This is a question that should seriously exercise the mind of every Botswana citizen and every science researcher, every health worker and every political leader political.
The Covid-19 currently defines our lives and poses a direct threat to every aspect and every part of national safety, security and general well-being. This disease has become a normative part of human life throughout the world.
The first part of the struggle against the murderous depredation of this disease was to protect personal life through restrictive health injunctions and protocols; the worst possibly being human isolation and masks that hid our sorrows and lamentations through thin veils. We suffered that humiliation with grace and I believe as a nation we did a great job.
Now the vaccines are here, ushering us into the second phase of this war against the plague; and we are asking ourselves, is this science-driven fight against Covid-19 spell the end of pandemic anxiety? Is the health nightmare coming to an end? What happy lives lie ahead? Is this the time for celebration or caution? As the Non State Actors, we have being struggling with these questions for months.
We have published our thoughts and feelings, and our research reviews and thorough reading of both the local and international impacts of this rampaging viral invasion in local newspapers and social media platforms.
More significantly, we have successfully organised workshops about the impact of the pandemic on society and the economy and the last workshop invited a panel of health experts, professionals, and public administers to advance this social dialogue as part of our commitment to the tripartite engagement we enjoy working with Government of Botswana, Civil Society and Development partners. These workshops are virtual and open to all Batswana, foreign diplomatic missions based in Gaborone, UN agencies located in Gaborone and international academic researchers and professional health experts and specialists.
The mark of Covid-19 on our nation is a painful one, a tragedy shared by the entire human race, but still a contextually painful experience. Our response is fraught with grave difficulties; limited resources, limited time, and the urgency to not only save lives but also avert economic ruin and a bleak future for all who survive. Several vaccines are already in the market.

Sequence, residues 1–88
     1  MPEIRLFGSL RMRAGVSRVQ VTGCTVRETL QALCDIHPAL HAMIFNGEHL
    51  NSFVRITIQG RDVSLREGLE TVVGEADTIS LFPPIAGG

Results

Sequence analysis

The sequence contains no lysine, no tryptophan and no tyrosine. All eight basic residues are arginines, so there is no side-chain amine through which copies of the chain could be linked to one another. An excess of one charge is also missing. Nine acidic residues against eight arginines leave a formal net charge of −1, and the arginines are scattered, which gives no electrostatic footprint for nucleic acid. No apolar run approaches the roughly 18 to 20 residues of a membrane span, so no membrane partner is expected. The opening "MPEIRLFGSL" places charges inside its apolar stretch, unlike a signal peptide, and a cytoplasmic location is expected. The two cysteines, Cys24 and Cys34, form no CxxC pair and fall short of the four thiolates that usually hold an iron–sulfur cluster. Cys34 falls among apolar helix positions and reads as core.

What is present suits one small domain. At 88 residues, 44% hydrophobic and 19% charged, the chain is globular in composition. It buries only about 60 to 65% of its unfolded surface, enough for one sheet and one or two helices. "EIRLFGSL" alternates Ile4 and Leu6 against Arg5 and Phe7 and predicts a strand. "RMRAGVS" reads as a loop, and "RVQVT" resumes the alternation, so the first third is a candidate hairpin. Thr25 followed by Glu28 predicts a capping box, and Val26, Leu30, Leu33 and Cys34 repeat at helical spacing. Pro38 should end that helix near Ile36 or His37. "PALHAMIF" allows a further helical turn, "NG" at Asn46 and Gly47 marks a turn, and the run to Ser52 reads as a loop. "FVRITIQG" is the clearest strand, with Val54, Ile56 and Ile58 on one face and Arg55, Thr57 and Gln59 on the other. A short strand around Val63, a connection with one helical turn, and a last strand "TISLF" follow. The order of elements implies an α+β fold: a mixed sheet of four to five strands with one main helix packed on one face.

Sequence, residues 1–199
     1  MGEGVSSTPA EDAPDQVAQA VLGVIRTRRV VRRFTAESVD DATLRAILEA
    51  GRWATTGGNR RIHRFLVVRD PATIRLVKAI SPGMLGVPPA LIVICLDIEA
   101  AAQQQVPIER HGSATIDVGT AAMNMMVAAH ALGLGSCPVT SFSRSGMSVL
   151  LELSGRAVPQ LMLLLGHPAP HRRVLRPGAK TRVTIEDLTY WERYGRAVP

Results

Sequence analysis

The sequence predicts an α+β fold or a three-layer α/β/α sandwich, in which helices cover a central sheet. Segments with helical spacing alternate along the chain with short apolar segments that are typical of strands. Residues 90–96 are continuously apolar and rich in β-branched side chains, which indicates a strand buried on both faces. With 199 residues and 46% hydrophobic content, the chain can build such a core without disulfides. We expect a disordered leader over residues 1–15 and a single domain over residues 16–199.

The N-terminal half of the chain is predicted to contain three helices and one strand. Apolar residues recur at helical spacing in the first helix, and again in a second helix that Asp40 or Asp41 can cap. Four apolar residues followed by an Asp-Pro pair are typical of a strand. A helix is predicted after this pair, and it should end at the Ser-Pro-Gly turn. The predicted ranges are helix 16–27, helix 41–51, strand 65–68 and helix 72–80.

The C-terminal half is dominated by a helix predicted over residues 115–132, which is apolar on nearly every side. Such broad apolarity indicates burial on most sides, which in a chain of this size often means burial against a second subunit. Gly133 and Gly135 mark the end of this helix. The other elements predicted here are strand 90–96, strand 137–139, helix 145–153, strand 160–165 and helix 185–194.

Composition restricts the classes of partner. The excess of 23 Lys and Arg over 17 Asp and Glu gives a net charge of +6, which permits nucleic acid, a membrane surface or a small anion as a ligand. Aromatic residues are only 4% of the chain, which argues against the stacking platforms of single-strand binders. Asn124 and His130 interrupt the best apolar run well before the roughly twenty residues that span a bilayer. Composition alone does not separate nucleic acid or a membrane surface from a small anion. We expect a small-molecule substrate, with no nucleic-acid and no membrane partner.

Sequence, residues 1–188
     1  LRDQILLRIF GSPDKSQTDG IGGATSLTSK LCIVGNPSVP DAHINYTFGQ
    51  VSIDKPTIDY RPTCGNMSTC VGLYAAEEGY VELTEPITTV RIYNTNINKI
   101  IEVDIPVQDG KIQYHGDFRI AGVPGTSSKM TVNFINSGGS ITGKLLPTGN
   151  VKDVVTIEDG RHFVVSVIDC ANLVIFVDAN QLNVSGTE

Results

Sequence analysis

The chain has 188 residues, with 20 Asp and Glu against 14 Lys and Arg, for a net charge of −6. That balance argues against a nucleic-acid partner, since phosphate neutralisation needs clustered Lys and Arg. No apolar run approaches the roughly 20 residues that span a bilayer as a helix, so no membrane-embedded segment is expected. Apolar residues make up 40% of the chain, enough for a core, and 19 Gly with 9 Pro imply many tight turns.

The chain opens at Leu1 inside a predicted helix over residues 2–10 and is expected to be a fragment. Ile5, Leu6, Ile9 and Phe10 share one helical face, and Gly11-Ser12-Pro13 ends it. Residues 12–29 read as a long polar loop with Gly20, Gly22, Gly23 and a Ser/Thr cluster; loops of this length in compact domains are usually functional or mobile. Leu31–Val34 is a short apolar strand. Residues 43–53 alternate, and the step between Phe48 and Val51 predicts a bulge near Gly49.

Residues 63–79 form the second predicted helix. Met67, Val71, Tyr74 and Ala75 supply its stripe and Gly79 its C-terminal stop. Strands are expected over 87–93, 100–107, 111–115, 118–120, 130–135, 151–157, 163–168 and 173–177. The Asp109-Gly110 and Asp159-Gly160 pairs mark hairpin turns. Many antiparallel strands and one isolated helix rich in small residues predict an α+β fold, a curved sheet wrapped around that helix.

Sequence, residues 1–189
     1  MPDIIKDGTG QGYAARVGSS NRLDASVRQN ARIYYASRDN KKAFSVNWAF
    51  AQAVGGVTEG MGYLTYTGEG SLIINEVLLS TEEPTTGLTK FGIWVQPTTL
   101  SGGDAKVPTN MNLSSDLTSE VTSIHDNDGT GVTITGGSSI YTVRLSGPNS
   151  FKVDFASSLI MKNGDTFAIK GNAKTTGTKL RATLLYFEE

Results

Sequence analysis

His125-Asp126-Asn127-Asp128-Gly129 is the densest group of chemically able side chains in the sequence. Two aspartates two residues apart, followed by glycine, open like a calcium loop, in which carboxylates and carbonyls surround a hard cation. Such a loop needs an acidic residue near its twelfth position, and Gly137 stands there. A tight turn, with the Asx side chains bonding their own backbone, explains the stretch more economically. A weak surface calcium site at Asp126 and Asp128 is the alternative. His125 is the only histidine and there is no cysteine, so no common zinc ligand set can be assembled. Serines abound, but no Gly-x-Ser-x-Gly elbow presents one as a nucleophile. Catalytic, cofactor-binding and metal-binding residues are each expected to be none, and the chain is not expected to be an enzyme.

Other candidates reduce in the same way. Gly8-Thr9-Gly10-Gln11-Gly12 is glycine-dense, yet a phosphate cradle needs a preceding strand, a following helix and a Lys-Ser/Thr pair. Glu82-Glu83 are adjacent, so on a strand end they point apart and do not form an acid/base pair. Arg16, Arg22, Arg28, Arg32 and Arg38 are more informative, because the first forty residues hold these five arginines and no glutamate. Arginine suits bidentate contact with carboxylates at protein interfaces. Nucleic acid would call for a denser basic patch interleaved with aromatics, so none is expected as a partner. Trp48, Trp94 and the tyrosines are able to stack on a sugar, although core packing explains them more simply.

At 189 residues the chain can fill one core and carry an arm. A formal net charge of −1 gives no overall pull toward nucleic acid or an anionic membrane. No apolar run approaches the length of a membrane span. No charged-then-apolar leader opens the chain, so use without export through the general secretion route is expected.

Parts of the world are already doing the best they can to trunk the pestilential march of this disease by rolling out mass-vaccinations campaigns that promise to evict this health menace and nightmare from their public lives. Botswana, like much of Africa, is still up in the disreputable, and, unenviable, preventative social melee of masked interactions, metered distances, contactless commerce.
We remain very much at the mercy of a marauding virus that daily runs amuck with earth shattering implications for the economy and human lives. And the battle against both infections and transmissions is proving to be difficult, in terms of finance, institutional capacities and resource mobilization. How are we prepared as government, and as citizens, to embrace the impending mass-vaccinations? What are the chances of us succeeding at this last-ditch effort to defeat the virus? What are the most pressing obstacles?
Does the work of vaccines spell an end to the pandemic anxieties?
Our panellists addressed the current state of mass-vaccination preparedness at the Botswana national level. What resources are available? What are the financial, institutional and administrative operational challenges (costs and supply chains, delivery, distribution, administering the vaccine on time, surveillance and security of vaccines?) What is being done to overcome them, or what can be done to overcome them? What do public assessments of preparedness tell us at the local community levels? How strong is the political will and direction? How long can we expect the whole exercise to last? At what point should we start seeing tangible results of the mass-vaccination campaign?
They also addressed the challenges of the anticipated emerging Vaccinated Society. How to fight the myths of vaccines and the superstitions about histories of human immunizations? What exactly is being done to grow robust local confidence in the science of vaccinations and the vaccines themselves? More significantly, how to square these campaigns vis-vis personal rights, moral/religious obligations?
What messages are being sent out in these regards and how are Batswana responding? What about issues of justice and equality? Will we get the necessary vaccines to everyone who wants them? What is being done to ensure no deserving person is left behind?
They also addressed issues of health data. To accomplish this mass-vaccination campaign and do everything right we need accurate and complete data. Poor data already makes it very hard to just cope with the disease. What is being done to improve data for the mass-vaccination campaign? How is this data being collected, aggregated and prepared for real life situation/applications throughout Botswana in the coming campaign?
We know in America, for example, general reporting and treatment of health data at the beginning of vaccinations was so poor, so chaotic and so scattered mainstream newspapers like The Atlantic, Washington Post and the New York Times had to step in, working very closely with civil society organizations, to rescue the situation. What data-related issues are still problematic in Botswana?
To be specific, what kind of Covid-19 data is being taken now to ready the whole country for an effective and efficient mass-vaccination program?